One of Ray Bradbury’s best-known and most popular novels, Something Wicked This Way Comes, now featuring a new introduction and material about its longstanding influence on culture and genre.
For those who still dream and remember, for those yet to experience the hypnotic power of its dark poetry, step inside. The show is about to begin. Cooger & Dark’s Pandemonium Shadow Show has come to Green Town, Illinois, to destroy every life touched by its strange and sinister mystery. The carnival rolls in sometime after midnight, ushering in Halloween a week early. A calliope’s shrill siren song beckons to all with a seductive promise of dreams and youth regained. Two boys will discover the secret of its smoke, mazes, and mirrors; two friends who will soon know all too well the heavy cost of wishes…and the stuff of nightmares.
Few novels have endured in the heart and memory as has Ray Bradbury’s unparalleled literary masterpiece Something Wicked This Way Comes. Scary and suspenseful, it is a timeless classic in the American canon.
Something Wicked This Way Comes – A Review (Part 1)
“There are times when we’re all autumn people.”
This is a book I have lived with for most of my reading life.
I first came across it in a small town library at home in the West of Scotland. I think I was about 13, the same age as the boys, and it immediately resonated with me… not because of the small town Americana, which seemed too different from my industrial town Scottish upbringing, but because of the boys. It’s a book about friendship, but not just about friendship. It’s a book about growing up, but not just about growing up. And it’s a book about good, and evil, and magic.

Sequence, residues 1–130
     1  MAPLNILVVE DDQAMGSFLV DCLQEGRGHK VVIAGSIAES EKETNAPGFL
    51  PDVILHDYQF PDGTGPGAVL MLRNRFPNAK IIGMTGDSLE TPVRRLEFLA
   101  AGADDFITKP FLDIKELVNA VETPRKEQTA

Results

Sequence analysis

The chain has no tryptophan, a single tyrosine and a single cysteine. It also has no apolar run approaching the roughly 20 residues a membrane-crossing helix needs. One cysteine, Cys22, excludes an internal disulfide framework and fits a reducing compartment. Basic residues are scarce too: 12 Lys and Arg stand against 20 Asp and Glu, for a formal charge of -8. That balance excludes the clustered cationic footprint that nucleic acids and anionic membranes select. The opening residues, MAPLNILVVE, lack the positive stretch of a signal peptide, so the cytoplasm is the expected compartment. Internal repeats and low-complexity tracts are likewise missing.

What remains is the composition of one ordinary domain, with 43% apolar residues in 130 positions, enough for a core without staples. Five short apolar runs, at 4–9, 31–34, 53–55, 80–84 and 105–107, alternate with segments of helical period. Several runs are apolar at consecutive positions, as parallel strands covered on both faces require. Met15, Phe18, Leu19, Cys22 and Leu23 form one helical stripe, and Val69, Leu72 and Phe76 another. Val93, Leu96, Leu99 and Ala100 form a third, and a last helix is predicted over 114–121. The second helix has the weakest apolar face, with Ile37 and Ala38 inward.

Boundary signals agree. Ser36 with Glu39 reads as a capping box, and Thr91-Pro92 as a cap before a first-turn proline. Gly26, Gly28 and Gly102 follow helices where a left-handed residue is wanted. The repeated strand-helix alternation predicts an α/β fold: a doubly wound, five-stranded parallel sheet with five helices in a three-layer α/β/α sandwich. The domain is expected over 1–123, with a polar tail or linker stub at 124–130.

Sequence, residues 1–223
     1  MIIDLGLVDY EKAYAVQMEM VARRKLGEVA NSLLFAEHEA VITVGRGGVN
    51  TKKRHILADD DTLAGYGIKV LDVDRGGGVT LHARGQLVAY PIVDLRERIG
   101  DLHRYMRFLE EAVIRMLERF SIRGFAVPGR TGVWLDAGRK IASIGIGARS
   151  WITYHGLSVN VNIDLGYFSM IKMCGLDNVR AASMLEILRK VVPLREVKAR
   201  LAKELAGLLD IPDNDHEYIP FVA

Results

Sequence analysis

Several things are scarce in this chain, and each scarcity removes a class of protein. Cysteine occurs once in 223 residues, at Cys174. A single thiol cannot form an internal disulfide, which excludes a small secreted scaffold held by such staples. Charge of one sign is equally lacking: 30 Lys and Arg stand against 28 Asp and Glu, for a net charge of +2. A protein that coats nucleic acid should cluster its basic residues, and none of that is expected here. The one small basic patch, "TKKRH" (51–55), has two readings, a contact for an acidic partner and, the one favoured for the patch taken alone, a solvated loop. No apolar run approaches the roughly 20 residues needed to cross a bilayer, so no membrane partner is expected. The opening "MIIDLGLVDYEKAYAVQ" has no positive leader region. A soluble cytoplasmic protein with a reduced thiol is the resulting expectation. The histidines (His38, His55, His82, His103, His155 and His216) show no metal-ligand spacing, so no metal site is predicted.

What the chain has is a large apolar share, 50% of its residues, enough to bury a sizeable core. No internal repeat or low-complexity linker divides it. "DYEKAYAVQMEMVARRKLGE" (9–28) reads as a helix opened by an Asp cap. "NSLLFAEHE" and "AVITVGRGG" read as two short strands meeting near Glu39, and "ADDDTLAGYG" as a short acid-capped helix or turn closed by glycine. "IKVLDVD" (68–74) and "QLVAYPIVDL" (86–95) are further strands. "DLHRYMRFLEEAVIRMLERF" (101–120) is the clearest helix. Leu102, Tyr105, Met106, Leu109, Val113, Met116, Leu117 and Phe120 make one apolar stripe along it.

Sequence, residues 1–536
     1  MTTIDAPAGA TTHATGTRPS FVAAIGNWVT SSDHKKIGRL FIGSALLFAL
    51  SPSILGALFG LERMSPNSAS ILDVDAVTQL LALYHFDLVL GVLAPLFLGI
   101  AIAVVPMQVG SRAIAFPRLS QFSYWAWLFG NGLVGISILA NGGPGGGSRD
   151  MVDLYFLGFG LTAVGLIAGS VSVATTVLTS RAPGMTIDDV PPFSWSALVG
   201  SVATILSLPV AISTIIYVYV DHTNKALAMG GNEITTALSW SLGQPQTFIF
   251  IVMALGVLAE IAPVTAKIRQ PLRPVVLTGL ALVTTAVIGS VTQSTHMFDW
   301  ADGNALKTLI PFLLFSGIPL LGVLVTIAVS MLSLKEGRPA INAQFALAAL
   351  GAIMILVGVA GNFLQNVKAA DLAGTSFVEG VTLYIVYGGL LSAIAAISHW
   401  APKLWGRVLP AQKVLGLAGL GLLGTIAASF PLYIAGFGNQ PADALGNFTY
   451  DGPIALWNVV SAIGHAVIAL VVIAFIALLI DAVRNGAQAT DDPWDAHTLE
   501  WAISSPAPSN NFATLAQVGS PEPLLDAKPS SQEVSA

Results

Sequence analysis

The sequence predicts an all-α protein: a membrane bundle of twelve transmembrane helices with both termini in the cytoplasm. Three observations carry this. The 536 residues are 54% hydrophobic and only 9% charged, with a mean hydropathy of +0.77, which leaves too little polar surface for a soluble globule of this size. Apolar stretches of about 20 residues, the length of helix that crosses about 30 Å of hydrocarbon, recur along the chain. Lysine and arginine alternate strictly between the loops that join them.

But it’s not just about those things.
Above all else, it’s a book about life, and joy, and hope. And that’s why I’ve found myself drawn back to it again and again over the intervening years, particularly when dark clouds gather in my soul.
The book splits naturally into three main sections, and I’ll deal with them in turn but first, Bradbury’s own prologue introduces the boys in his usual poetic but economical fashion.
“Both touched toward fourteen; it almost trembled in their hands. And that was the October week when they grew up overnight, and were never so young any more.”
Part 1: Arrivals
We’re first interested to the boys, Will and Jim, through the eyes of a travelling lightning rod salesman. In a series of trademark word pictures, Bradbury paints us the boys lying on the grass outside their houses, then has the salesman take center stage to ominously refer to a coming storm. He even gives Jim a ‘magical’ lightning rod to stave it off, but the dies have been cast; we’ve already been set up for the coming of something that will, like a thunderclap, change the boys’ lives irrevocably. It’s a remarkable, very short, first chapter, but it has already done its job. I’m, once again, hooked and off and away to adventure with the lads.
Our next arrival is seen through the eyes of the lads when they visit the local library. Will’s dad, Charles Holloway, is the janitor there, but more than that, he knows all the books immediately. He has become a father late in life, and, in these early stages at least, appears to cut a rather sad and lonely figure among the shelves. There is some chatter between the three of them of black and white hats, more foreshadowing of things to come but with such style we hardly notice among the magical prose and the sounds of music in the wind before the coming storm.